"We're not going to send… no. She's nine. It's a mistake. The computer's made a mistake. It's not a person, it doesn't know." Mandy took Portland by the hand. "We'll go in together. Explain it. Come on."
Massive was grinning. You better do as she says, man. I know that voice as well as he does.
~ * ~ * ~ * ~
Dreamland One: the face of it, anyway, what you see when the blast door rolls open and you walk down into the dark and then back out into the light again. The oddly reassuring voice that probably comes from faraway speakers you can't see — probably some tech it came up with in an otherwise unoccupied moment — but sounds like someone very close to you talking quietly. "Portland Drew is vital to a successful outcome."
"Not acceptable. She's a child."
"The danger to Portland is minimal. Mandy, you've always trusted me before, even with the life of your own child."
What the hell does that mean? "Wait a second—"
Mandy, once she has a full head of steam, can't be interrupted. "The melon-baller has killed two of us already."
"It will kill more, if Portland stays behind. It will continue to kill, until she goes."
"It couldn't kill Fleet, he was too fast. Send him to the—"
"Our enemy will have adapted to Fleet's speed. The simulations results are incontrovertible: even if he never slows from his highest possible speed, not even once, not even for an instant, Fleet going without Portland will almost certainly result in his death."
"Then find some other way. Do some more simulations."
"There are no more simulations to do. There are no consequential variables yet to be accounted for. The scenario I have described is optimal. To attempt any other approach is to introduce far greater risk to a greater number of people."
"I can't believe that—"
"I want to go." Portland's voice, clear and determined and earnest. "I want to."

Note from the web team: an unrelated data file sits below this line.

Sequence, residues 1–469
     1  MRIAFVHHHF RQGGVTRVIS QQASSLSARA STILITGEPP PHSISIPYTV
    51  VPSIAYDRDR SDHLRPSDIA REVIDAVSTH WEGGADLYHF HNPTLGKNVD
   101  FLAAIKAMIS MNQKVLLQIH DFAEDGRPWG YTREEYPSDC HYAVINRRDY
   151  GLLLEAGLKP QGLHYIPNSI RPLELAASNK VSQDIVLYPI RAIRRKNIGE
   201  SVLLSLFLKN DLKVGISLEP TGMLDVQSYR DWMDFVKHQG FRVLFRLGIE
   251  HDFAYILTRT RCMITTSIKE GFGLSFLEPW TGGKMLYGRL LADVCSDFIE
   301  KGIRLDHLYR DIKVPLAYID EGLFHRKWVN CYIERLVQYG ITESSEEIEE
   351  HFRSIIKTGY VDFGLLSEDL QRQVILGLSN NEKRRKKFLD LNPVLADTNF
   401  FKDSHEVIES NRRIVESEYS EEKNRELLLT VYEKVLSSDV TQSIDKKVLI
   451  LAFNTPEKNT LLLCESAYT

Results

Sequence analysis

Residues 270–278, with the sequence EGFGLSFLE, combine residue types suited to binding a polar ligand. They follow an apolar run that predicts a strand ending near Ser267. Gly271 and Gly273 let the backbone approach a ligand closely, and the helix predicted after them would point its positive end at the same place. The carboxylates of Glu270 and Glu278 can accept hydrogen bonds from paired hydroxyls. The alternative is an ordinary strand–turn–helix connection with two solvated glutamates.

Mandy was virtually in tears by that point, and she got down on one knee to grab Portland by the shoulders. "You're a little girl, you don't understand."
"I want to help make everybody safe. I could die, but Boss says I probably won't. I understand fine." She crossed her arms. "I'm going."
Portland pulled away from Mandy and headed for the door. I half-expected my wife to continue her protest, fully in tears and screaming, but she didn't make a sound. She was on her knees, unmoving, arm outstretched towards the door as Portland went through it, as if petrified by fear and desperation.
"Honey, I think…" I circled around to help her up. There was a teardrop hanging in midair, three inches below Mandy's chin; Portland had escaped by freezing her, temporarily, in time, as she'd done before to Junia and Carlos.
"Mandy will be angry when it wears off, at all of us. But eventually, she'll understand," Dreamland One said. "Go with Portland. She has the address."
At the door, I asked, because I couldn't not ask. "What did the mini-computer — the one Chowdhury took out of Dreadbird — what did it tell you? Where the melon-baller was hiding?"
"I knew where it was hiding the day I built the shield. The mini-computer told me what the melon-baller is doing with the stolen brains."
~ * ~ * ~ * ~